The End Of A 20-Year War
President Biden has announced that American troops will be completely removed from Afghanistan by Sept. 11, 2021, leaving Afghanistan’s future unknown.
Tiarra Drisker ‘25
As America approaches the 20th anniversary of 9/11, the most devastating terrorist attack on U.S. soil, President Biden declared that American forces are completely departed from the 20-year conflict in Afghanistan. The U.S. expected the Afghan military to fight the Taliban for years after American forces withdrew; but in just 11 days, the Taliban gained control of most of the country.
America’s part in the Afghanistan War began in 2001 after president George W. Bush declared a “war on terrorism” in response to the 9/11 attacks. Al-Qaeda was linked to the attacks and al-Qaeda leader Osama bin Laden would later take full responsibility. The Taliban was providing a place for both al-Qaeda and bin Laden to hide in Afghanistan. Thus began America’s war in Afghanistan.
“A lot of people call the war in Afghanistan the ‘1 percent war’ because only about 1 percent of our population was fighting,” Terry Anderson, a professor in the department of history and Vietnam veteran, said. “We did not have massive death numbers and a huge percentage of our people fighting like during World War II or Vietnam.”
The war in Afghanistan was fought by an all-volunteer force. By Dec. 9, 2001, the Taliban surrendered Kandahar and al-Qaeda was forced into hiding as a result. In 2006, the Taliban had a resurgence and began carrying out attacks in Afghanistan. After years of hiding, the Obama administration found and killed Osama bin Laden in 2011.
“The United States lost interest in Afghanistan after the death of Osama bin Laden,” Anderson said. “America hasn’t been interested in the war since 2011 because, ‘We got the bad guy.’”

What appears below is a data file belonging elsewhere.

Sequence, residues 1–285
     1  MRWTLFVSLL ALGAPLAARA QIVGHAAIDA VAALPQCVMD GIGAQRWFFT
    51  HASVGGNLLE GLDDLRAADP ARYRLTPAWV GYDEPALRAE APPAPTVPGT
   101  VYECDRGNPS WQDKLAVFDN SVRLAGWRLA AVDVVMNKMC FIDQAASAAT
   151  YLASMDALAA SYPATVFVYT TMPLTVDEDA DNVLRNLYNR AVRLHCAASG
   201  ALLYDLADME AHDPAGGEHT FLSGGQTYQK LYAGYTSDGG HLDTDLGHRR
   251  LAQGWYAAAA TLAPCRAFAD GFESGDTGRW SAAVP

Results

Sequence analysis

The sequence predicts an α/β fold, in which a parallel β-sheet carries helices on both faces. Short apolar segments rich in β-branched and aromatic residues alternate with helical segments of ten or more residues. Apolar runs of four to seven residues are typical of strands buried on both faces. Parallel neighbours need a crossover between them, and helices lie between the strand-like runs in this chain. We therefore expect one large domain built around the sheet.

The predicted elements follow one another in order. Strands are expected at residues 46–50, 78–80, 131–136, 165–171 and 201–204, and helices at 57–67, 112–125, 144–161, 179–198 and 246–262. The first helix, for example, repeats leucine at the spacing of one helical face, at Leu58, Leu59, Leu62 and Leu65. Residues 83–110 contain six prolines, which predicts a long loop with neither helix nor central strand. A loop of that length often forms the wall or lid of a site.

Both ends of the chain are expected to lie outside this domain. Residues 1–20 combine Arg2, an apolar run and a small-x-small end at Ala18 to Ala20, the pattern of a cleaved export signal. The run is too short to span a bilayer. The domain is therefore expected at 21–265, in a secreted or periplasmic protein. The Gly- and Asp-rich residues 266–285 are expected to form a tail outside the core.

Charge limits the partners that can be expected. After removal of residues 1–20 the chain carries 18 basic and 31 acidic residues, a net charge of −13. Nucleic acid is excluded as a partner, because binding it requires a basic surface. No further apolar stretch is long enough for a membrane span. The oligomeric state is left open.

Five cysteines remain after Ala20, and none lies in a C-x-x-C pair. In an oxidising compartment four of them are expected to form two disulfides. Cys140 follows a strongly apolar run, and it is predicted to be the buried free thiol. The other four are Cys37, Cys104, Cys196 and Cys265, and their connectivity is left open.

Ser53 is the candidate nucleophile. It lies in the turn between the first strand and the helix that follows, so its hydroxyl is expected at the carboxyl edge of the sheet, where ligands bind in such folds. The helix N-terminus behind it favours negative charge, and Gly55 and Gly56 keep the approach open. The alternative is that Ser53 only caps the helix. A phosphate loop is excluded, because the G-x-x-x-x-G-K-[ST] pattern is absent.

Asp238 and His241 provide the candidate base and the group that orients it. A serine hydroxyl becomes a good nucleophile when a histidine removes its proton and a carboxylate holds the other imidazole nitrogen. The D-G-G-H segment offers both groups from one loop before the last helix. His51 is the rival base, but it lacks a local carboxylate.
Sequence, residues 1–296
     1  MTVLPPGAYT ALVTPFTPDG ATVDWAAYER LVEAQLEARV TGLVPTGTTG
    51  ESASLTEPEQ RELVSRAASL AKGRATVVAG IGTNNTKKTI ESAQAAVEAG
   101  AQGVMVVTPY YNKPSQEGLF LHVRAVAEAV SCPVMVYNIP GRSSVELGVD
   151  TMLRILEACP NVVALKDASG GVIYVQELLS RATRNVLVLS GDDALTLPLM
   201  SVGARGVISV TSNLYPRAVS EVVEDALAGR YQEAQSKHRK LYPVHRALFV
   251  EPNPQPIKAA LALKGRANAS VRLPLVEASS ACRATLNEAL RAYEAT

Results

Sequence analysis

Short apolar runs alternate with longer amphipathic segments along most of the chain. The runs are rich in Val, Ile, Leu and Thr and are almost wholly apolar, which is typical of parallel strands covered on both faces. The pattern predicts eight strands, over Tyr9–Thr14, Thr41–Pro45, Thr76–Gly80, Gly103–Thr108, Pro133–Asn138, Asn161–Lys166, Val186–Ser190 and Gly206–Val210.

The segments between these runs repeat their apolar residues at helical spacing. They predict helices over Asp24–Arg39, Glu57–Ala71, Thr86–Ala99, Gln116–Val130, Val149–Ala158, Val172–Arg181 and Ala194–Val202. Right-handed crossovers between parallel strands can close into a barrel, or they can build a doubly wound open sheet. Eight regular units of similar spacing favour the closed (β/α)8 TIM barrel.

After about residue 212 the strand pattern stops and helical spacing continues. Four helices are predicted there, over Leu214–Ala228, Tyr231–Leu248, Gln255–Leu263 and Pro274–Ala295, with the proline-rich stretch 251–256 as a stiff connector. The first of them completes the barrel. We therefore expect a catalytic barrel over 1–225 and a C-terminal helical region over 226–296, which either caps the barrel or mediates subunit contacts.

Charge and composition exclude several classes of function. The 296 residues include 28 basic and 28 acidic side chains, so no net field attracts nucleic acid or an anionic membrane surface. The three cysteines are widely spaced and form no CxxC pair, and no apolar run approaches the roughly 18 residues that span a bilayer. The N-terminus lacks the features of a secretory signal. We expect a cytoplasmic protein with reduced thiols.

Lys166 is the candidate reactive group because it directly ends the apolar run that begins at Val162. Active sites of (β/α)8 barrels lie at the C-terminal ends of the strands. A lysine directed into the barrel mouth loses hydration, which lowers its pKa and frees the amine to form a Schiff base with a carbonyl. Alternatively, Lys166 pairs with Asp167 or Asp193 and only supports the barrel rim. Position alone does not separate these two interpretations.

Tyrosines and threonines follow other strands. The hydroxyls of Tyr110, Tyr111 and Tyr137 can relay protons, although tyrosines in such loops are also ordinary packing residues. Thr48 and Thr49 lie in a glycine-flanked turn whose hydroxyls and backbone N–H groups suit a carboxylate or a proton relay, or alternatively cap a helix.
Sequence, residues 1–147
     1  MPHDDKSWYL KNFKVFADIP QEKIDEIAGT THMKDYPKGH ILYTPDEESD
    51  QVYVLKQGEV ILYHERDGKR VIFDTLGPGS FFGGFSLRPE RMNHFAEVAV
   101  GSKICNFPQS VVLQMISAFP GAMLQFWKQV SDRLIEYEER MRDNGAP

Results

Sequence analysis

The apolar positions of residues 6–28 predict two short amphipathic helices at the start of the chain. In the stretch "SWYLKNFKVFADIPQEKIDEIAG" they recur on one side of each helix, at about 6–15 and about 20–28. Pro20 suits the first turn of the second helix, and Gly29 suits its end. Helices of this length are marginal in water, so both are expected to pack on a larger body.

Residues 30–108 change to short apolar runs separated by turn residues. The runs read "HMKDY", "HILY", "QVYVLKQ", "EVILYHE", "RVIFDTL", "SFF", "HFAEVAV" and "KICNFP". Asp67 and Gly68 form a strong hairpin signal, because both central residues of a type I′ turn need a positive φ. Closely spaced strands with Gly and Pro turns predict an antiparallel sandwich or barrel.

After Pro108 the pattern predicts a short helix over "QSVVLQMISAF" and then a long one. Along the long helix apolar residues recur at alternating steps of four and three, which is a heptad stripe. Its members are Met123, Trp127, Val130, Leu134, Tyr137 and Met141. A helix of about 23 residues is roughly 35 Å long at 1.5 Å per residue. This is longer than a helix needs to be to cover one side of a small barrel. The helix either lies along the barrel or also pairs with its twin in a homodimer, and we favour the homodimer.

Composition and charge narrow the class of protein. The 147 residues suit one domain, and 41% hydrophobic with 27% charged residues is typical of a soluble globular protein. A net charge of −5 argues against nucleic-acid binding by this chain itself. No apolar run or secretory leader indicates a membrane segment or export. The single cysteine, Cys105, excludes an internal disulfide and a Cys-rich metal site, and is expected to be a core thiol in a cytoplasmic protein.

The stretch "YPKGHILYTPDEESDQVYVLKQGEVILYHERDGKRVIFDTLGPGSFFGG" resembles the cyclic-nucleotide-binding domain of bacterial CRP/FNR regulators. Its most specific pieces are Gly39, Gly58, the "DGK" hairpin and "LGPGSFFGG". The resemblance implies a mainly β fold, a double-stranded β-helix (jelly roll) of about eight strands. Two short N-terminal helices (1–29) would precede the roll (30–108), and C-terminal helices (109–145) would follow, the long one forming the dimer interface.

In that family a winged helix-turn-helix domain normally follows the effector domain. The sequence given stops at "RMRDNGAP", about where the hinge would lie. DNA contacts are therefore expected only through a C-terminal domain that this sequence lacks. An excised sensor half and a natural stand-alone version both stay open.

While fighting the Taliban, America also established a government and army in Afghanistan that would be able to protect its nation against the Taliban’s quest for power. When president Biden ordered a full withdrawal from Afghanistan by Sept. 11, 2021, however, many Afghan government officials surrendered and the Afghan president fled.
“America trained the Afghans. The U.S. put a lot of manpower, money, and muscle into that training,” Anderson explained. “America trained other militaries in its fashion, which was a problem fighting the Taliban because the Taliban are a lot of localized forces. They were not traditional enemies.”
The conflict in Afghanistan has claimed the lives of over 2,400 U.S. military service members and cost more than $2 trillion according to Brown University’s Costs of War Project. Americans who have lost loved ones are left to wonder what it was all for now that the Taliban is back in power, but this war had some positive effects on the nation of Afghanistan. During the American occupation, Afghan women and girls had access to education and more individual rights were put in place. Now, the issue is maintaining those civil rights as well as maintaining a fair government.
“Afghanistan is going to be a divided country, a country where the local officials are going to have a lot more power than the Kabul government,” Anderson said. “The Taliban said that they will recognize the rights of women. Because this is a 13th-century government that is trying to get back to the seventh century, they’re eventually going to take some rights from women. I think there are going to be pockets where warlords are going to reassume power and give the Taliban problems.”